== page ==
Consent should be enthusiastically given, and not just assumed as a default if there are no obvious indications of its absence. This is too big of a problem — we need to talk about consent.
Many naive approaches to consent treat consent only in the negative (what is not permitted versus what is), and also constrain the act of consent to a sort of verbal stop sign. For example, I have heard statements like, “Tell me if I do something that makes you uncomfortable”, or “Tell me to stop if I go too far.” And recently, some lucid part of me woke up upon hearing this for the fifteen-hundredth time, and I thought, “Wow, that’s a really odd statement.” These statements make me feel like the person making them is trying to get away with something, making a conquest or playing some game where I suddenly have to say, “Oh, wait, no! That’s too far.” I would never want me or a partner to suddenly open up a trauma-wound and have to confront it without any discussion in advance about the fact that this might happen.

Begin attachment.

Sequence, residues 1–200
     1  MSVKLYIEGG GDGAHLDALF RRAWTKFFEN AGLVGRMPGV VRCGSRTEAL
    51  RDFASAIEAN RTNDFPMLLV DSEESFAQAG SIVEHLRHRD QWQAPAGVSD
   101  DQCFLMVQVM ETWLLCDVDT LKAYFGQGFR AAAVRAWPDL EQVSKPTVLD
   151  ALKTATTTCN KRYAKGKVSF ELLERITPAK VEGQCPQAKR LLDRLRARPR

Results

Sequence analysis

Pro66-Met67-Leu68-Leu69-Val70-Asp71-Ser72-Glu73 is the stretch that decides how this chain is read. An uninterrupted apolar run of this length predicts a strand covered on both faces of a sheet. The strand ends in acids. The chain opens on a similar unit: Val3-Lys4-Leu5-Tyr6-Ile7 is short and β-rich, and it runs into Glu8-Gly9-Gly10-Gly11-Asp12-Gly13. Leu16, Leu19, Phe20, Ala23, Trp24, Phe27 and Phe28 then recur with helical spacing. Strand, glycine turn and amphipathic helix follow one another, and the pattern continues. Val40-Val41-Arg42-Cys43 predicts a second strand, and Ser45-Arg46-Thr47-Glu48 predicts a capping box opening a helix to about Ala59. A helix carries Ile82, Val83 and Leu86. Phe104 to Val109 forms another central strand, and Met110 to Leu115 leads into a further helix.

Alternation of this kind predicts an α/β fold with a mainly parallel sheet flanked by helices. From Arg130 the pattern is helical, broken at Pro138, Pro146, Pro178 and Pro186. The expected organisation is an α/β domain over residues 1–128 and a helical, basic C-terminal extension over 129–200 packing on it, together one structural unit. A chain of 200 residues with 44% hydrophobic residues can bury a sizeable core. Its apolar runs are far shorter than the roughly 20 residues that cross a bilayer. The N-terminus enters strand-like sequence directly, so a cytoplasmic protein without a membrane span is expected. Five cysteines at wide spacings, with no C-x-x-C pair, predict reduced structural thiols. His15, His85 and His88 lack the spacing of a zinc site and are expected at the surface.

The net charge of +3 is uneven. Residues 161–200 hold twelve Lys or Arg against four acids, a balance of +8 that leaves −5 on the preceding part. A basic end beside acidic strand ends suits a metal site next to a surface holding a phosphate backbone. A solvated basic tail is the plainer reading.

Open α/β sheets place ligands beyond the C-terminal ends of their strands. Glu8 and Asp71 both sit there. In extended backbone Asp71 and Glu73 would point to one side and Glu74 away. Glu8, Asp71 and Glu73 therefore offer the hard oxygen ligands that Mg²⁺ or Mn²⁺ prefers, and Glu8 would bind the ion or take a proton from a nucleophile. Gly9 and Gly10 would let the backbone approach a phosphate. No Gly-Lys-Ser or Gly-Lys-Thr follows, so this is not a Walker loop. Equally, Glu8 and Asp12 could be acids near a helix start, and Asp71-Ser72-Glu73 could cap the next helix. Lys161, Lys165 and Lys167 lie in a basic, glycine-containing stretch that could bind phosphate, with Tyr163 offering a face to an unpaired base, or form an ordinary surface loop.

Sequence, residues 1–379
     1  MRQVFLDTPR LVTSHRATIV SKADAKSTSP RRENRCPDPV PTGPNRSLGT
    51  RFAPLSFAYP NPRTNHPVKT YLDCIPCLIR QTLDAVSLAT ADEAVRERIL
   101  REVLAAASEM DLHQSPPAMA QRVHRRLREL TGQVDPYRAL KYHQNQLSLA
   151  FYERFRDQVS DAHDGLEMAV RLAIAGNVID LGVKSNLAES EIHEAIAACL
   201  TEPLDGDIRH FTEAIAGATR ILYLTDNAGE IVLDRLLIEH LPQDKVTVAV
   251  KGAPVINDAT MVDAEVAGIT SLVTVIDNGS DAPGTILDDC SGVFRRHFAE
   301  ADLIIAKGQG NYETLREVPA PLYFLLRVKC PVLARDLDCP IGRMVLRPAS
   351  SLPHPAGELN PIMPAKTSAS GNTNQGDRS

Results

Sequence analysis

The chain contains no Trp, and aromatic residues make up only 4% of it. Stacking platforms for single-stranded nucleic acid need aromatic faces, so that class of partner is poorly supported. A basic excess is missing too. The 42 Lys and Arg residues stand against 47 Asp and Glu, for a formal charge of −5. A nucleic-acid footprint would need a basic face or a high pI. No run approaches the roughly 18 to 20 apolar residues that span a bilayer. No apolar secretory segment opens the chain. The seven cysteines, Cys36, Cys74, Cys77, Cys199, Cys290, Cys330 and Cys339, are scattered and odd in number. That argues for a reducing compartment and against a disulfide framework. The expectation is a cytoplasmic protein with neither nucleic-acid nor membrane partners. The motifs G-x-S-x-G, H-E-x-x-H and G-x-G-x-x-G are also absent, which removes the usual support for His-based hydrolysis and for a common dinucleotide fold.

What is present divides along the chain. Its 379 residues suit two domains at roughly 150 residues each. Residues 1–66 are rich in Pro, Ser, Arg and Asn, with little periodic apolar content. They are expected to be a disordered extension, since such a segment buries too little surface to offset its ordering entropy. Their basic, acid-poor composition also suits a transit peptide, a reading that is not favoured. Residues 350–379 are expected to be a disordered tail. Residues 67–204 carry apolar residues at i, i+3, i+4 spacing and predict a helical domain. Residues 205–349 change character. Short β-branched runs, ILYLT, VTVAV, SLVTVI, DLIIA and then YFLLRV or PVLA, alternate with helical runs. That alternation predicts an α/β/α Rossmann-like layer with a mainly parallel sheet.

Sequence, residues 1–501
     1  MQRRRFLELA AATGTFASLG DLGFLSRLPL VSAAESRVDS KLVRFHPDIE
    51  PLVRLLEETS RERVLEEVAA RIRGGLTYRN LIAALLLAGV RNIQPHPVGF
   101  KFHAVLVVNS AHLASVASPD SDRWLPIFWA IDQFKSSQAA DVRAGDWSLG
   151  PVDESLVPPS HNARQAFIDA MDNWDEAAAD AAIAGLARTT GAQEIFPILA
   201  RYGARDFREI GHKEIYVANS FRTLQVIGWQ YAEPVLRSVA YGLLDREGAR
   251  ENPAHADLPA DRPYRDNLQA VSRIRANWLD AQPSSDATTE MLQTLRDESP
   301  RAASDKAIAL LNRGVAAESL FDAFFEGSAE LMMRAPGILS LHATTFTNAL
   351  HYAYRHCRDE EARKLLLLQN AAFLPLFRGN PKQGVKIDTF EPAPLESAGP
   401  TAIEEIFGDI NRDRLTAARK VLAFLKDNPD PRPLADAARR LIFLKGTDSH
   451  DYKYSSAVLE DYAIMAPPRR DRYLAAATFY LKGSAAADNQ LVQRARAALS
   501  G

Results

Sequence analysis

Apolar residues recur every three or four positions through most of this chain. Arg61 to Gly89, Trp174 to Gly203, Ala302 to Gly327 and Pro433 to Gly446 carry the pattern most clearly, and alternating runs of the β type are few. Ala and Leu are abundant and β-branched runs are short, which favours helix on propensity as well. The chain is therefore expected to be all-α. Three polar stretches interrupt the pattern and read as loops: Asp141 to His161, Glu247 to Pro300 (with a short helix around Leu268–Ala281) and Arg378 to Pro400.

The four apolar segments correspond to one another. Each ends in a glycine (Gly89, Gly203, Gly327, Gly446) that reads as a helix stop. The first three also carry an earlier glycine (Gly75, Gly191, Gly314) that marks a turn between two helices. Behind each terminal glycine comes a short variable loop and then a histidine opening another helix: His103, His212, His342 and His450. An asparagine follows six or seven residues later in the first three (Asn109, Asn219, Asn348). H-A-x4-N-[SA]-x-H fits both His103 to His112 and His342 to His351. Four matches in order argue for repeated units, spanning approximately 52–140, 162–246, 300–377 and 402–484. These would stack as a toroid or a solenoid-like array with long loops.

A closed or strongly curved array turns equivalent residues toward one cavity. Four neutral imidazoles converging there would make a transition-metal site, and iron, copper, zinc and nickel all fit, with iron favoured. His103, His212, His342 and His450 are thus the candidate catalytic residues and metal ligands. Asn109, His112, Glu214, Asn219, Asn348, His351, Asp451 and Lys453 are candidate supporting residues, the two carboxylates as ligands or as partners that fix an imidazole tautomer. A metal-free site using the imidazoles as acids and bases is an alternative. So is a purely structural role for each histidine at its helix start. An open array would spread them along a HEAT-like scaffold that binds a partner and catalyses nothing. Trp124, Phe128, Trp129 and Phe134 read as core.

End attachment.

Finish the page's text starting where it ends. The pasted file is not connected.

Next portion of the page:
The other issue with these statements is that they assume that people know their boundaries ahead of time. This way of treating boundaries focuses on blocks to consent rather than explicit, given consent, and as such it often shuts down an ongoing exploration about trust, safety, and desires. Another way of approaching consent communication would be to ask, “Hey, what are you comfortable with, and what are you not comfortable with?” Or if you want to just focus on the positive, try asking someone what they would like to experience that would feel safe and comfortable. Never push on another person’s boundaries.
And now let’s get to sexual harassment…
My fellow women and I all have an abundance of stories of everyday sexual harassment, including: being groped, inappropriate sexual comments from coworkers, being touched without consent, and being chased by strangers who hunt us down ask us if we’re single.